Born in 726 GUE, T.J. "Stonewall" Flathead received his celebrated nickname while serving as a Squire in the Royal Army during the famous seven-week Battle of The Stonewall in 747 GUE. The Stonewall was a strategically vital locale, commanding the two most important caverns of the Eastlands. When reports arrived that rebellious natives had captured The Stonewall, taking the old fort as their principle headquarters, T.J. Flathead and his garrison were assigned the mission of retaking it.

Stonewall Flathead was the first to use the massive feint as a brilliant military tactic. He realized that a straight on attack would cause many of his wealthier trained soldiers to perish. Dividing his army, he attacked directly with his small band of peasant conscripts while his trained soldiers circled and attacked from the rear smaller wall. The tactic was a complete success and resulted in total surprise. The garrison stormed The Stonewall.

Unfortunately, the information about the old fort had been erroneous and the opposing forces had not taken the wall or its fort. The supposedly rebellious natives were actually all vacationing in the Gray Mountains and The Stonewall was completely undefended. When the smaller army of peasants appeared at the battlement so quickly and without a fight, the conscripts mistook the elite brigade for the enemy. This was unfortunate for the peasants, as the elite brigade was both well-named and vengeful. The vast majority of the peasant army was soon slaughtered and the elite brigade took command of The Stonewall. Nevertheless, had the enemy in fact been there, the strategy would surely have been a successful one. T.J.'s men suffered a casualty rate of nearly 75%, but his tactics during the battle were brilliant, and he would henceforth be known as Stonewall Flathead.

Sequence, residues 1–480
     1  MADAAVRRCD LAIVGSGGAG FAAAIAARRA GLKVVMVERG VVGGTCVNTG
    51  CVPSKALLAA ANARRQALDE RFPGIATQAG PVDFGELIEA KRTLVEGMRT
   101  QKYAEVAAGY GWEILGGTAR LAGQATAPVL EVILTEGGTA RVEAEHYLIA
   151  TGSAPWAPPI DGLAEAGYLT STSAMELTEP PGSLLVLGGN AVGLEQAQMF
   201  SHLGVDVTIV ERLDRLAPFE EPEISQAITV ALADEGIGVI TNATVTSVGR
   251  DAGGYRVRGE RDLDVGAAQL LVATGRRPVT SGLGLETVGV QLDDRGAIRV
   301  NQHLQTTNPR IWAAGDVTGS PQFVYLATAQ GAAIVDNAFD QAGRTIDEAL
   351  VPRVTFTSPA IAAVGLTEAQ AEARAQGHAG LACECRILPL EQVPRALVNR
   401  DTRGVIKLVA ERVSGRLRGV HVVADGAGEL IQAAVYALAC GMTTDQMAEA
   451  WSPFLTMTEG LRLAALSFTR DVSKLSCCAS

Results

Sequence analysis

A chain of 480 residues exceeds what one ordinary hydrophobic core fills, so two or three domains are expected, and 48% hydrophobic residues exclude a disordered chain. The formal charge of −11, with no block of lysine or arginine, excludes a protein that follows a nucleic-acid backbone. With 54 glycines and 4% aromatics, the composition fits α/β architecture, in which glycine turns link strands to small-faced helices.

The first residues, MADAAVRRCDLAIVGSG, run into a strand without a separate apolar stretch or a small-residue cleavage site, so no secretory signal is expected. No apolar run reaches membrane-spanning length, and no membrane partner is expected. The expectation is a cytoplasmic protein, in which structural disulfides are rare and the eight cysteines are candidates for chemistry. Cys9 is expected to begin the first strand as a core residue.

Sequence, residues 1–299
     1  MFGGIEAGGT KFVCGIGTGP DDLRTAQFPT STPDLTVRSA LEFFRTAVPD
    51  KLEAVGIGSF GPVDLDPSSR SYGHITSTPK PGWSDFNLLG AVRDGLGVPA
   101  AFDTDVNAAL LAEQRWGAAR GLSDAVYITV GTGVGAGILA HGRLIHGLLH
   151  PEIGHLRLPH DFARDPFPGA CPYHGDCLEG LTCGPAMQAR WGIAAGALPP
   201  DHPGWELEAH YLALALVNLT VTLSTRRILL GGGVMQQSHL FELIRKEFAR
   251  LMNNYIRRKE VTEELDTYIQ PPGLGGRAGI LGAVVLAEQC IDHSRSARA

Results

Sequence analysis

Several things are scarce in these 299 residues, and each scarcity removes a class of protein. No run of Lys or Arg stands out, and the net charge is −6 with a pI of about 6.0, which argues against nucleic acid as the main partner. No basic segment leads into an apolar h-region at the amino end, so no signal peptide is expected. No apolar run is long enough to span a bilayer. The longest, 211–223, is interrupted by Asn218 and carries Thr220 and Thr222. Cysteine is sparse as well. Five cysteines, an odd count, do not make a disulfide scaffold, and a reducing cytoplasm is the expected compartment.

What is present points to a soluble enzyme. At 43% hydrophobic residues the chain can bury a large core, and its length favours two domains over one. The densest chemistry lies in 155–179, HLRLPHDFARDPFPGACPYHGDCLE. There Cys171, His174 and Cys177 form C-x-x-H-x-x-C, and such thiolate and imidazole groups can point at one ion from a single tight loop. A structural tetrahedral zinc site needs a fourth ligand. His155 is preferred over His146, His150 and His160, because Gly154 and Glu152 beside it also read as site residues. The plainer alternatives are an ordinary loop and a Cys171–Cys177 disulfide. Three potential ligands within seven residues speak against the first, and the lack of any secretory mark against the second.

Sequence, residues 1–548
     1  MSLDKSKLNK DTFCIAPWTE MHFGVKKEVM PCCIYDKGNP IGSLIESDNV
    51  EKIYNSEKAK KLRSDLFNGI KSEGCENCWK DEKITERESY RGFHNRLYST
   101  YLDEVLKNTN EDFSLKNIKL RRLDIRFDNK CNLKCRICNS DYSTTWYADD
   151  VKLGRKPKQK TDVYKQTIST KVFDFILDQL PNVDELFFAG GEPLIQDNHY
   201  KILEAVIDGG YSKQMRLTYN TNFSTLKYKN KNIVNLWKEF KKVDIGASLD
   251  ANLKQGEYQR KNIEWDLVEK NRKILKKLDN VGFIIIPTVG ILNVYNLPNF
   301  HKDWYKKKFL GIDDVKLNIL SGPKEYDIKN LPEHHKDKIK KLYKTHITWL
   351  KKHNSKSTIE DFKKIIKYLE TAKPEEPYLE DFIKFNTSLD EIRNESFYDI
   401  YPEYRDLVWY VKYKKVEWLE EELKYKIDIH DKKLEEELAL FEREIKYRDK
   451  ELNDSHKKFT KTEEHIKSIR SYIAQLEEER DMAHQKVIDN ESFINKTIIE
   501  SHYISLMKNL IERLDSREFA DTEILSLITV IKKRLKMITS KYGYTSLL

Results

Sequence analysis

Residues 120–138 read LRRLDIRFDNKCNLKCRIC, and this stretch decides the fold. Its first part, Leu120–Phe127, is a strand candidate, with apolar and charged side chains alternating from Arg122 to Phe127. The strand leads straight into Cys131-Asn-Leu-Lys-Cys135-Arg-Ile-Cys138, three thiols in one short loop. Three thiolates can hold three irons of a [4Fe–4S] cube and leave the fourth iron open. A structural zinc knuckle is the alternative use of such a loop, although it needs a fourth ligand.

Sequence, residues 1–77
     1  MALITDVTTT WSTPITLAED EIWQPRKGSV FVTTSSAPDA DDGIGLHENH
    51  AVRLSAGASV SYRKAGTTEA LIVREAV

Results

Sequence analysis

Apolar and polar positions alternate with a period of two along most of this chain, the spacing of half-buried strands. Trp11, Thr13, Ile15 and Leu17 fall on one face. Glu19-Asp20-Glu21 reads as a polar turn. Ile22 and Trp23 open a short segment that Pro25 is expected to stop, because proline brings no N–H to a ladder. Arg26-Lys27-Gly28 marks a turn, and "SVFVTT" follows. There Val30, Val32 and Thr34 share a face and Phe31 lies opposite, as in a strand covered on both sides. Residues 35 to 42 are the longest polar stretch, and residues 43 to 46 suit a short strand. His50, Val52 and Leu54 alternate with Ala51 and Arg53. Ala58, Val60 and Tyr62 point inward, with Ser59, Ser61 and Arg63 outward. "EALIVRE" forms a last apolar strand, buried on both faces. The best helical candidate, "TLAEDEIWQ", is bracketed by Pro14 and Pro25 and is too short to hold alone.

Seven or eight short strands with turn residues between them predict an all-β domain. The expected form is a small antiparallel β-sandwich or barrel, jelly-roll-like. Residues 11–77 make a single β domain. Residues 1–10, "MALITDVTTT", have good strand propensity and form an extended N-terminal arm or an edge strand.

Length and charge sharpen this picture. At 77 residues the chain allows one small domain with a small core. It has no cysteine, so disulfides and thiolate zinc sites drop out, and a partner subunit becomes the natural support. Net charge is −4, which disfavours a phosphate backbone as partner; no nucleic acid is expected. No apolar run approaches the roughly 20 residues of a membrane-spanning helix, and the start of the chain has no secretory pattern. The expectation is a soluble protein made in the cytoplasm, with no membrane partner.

Stonewall rose quickly through the ranks, and in 755 GUE he became General of the Royal Army. During his 34 years in command, he squelched three provincial rebellions and over 12,000 tax riots. Fortunately, his unlimited conscription powers helped mitigate the 98% casualty rate his army suffered during these difficult battles. One of Stonewall Flathead's mounts was a unicorn named Wilma.

Stonewall died on 14 Mumberbur 789 GUE during the Battle of Ragweed Gulch, when he was accidentally shot by one of his own men.

His corpse was later placed in the Tomb of the Twelve Flatheads and his skull upon a pole outside the same crypt by the "Keeper of the Dungeon." Although dead, the Twelve Flatheads foresaw that some cretin might tamper with their remains. Therefore, they took steps to punish trespassers with a curse. It is assumed that his remains are still there to this day